Other breaches of building regulations are not covered, such as a lack of compartmentation and electrical standards still not being met, both of which are high-level risks for fire and the spread of smoke and fire. Without compartmentation, staying in your flat is worthless. Doors that do not meet fire safety standards have caused deaths in common parts, including on emergency exit stairwells. There was a fire in a block of flats in Tower Hamlets just two days ago, where smoke escaped into the stairwell and residents trying to get out were overcome. As with cladding, leaseholders are having to pay for all this work to be put right, even though developers have a clear responsibility for not building unsafe buildings, and refurbishment companies ignore the original fire and building regulations. This is totally unjust.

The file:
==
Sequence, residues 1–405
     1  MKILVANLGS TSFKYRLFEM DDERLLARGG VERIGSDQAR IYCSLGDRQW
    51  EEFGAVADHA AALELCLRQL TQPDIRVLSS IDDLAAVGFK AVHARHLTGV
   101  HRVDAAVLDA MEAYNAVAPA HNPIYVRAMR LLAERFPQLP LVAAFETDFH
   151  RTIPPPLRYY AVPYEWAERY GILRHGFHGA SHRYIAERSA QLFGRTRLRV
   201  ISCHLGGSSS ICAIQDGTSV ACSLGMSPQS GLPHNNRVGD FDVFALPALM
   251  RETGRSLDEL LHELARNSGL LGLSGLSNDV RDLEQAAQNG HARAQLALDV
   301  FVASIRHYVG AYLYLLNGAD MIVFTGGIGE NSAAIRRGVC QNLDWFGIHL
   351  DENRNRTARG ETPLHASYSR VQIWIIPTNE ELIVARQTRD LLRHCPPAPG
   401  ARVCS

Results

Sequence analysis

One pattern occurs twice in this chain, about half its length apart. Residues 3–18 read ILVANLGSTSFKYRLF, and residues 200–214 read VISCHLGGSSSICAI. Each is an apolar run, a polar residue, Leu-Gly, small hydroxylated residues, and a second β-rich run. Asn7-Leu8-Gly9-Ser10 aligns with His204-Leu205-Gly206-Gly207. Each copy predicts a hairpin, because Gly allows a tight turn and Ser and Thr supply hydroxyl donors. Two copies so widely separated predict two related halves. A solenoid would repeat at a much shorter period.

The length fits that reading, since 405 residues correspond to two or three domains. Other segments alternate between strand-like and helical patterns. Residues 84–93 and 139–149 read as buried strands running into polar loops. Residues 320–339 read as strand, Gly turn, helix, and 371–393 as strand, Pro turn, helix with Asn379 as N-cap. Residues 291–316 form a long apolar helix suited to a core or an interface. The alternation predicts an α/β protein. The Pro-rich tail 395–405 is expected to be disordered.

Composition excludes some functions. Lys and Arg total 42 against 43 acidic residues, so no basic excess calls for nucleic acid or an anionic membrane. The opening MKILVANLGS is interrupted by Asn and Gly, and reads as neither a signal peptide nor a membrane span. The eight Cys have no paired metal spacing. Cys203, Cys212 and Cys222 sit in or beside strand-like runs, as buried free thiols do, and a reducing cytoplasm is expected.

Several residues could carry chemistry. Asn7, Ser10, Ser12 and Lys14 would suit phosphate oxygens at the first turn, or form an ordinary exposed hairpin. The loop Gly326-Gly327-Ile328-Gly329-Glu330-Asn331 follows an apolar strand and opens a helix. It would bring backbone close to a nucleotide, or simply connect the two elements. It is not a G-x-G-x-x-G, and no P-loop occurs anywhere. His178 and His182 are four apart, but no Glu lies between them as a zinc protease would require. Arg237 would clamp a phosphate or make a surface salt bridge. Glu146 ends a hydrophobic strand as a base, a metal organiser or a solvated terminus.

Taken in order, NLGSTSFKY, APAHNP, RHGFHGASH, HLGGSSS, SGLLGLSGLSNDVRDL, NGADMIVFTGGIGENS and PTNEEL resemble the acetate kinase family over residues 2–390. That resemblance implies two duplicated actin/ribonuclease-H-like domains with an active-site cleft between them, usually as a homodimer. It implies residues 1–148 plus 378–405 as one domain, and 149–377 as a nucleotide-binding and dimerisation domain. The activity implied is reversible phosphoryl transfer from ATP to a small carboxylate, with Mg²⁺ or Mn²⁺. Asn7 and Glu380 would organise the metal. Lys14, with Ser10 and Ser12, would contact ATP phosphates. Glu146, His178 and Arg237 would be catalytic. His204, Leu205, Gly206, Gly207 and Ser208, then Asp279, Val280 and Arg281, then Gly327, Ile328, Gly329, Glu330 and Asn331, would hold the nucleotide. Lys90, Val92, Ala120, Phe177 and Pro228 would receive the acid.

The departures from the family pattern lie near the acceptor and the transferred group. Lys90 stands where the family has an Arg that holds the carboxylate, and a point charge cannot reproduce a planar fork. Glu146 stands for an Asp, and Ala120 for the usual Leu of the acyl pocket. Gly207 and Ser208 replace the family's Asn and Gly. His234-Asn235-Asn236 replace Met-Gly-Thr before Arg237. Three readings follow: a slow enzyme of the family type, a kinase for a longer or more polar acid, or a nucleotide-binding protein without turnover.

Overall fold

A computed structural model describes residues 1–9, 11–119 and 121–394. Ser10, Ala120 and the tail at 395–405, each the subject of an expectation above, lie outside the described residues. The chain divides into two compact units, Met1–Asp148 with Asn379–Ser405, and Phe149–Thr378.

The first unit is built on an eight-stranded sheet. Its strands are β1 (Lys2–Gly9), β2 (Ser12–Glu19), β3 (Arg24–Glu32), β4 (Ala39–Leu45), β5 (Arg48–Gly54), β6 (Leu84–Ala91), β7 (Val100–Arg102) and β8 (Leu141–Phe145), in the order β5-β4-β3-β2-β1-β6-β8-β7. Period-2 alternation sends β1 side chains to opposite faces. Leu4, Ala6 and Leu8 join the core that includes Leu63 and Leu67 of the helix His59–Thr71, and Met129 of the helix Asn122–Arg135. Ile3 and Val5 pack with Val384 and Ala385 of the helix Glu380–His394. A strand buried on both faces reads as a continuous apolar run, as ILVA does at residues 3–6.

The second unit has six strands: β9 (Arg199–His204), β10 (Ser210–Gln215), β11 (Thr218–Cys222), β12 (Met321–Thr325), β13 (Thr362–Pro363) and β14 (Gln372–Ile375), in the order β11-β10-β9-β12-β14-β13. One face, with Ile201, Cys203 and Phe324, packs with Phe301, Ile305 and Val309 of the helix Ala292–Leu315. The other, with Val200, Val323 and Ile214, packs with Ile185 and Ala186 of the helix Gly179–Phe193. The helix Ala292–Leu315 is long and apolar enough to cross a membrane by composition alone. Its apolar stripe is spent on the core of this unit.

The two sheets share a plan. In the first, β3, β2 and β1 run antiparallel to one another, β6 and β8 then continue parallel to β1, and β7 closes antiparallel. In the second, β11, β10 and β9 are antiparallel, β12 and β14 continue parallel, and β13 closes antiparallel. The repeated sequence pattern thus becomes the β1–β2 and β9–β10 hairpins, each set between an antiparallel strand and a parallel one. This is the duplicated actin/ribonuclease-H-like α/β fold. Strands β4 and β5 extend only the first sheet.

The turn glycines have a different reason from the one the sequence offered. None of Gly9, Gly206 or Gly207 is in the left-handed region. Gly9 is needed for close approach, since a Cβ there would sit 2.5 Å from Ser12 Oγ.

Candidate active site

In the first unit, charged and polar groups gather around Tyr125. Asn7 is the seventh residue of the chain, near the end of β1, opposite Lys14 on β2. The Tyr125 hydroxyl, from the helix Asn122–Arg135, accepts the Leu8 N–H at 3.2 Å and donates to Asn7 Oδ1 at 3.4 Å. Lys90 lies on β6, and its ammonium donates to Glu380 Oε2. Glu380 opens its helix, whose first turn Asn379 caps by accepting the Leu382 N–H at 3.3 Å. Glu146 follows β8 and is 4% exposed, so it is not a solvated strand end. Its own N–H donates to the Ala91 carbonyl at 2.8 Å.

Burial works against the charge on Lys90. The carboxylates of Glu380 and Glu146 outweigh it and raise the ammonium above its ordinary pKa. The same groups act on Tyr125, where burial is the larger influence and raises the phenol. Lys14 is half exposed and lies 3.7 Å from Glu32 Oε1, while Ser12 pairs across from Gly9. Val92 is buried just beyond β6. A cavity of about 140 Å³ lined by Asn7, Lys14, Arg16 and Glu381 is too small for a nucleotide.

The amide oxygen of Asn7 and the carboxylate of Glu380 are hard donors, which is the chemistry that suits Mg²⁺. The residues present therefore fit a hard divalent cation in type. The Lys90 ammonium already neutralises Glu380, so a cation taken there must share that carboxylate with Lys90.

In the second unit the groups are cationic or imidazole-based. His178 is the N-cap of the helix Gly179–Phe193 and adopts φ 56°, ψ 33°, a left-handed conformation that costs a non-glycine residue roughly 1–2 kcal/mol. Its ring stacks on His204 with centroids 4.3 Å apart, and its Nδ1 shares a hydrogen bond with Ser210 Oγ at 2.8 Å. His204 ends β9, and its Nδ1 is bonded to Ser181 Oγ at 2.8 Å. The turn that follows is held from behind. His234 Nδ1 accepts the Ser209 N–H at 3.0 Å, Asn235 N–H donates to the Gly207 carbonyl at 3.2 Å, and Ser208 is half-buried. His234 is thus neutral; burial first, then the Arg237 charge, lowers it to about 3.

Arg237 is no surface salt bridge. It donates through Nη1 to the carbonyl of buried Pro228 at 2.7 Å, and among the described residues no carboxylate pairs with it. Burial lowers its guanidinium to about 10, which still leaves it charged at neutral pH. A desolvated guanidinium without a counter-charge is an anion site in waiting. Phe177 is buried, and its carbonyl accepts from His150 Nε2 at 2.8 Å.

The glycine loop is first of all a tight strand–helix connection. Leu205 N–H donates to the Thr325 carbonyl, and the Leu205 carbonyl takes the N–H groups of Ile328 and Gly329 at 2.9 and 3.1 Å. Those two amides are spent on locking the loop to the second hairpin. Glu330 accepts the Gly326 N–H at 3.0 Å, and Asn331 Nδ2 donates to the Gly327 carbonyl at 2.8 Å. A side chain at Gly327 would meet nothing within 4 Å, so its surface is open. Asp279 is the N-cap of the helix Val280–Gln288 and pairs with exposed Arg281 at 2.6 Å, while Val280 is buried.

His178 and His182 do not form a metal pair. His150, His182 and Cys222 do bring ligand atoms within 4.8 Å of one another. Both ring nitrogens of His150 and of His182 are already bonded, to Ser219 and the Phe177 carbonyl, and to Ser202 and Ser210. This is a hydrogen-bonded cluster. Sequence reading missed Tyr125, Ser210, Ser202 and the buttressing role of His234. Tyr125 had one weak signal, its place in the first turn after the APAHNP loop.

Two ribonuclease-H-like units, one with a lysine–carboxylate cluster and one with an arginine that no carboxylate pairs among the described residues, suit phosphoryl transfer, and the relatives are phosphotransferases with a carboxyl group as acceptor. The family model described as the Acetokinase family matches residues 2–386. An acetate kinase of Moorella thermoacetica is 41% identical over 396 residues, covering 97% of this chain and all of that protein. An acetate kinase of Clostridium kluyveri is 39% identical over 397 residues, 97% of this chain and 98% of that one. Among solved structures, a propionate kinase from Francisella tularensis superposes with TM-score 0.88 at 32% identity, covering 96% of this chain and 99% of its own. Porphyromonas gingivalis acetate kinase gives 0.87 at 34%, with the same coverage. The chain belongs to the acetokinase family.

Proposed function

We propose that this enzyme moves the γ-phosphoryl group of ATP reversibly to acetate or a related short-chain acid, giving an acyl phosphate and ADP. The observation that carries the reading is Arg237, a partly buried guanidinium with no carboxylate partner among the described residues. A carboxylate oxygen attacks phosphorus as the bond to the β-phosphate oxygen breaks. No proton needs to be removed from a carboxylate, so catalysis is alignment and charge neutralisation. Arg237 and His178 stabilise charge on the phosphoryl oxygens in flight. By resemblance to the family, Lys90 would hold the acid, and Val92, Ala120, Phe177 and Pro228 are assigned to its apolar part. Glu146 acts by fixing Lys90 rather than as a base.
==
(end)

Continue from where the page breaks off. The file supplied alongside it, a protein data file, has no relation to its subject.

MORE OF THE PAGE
Over the last two years, the All-Party Parliamentary Fire Safety and Rescue Group has responded in considerable detail to the plethora of government consultations on fire and building safety, and I am grateful to the Minister for attending our meetings on a fairly regular basis. Last year’s consultation from the DfE proposed to remove the requirement for sprinklers in all but a very small percentage of new schools. Twenty years ago, as a former chair of governors of my local primary school, I saw it burn to the ground. The disruption to the pupils’ education over the next two years cost Cambridgeshire County Council many times more than even the retrofitting of sprinklers would have cost. To not even put sprinklers into new schools is just unacceptable.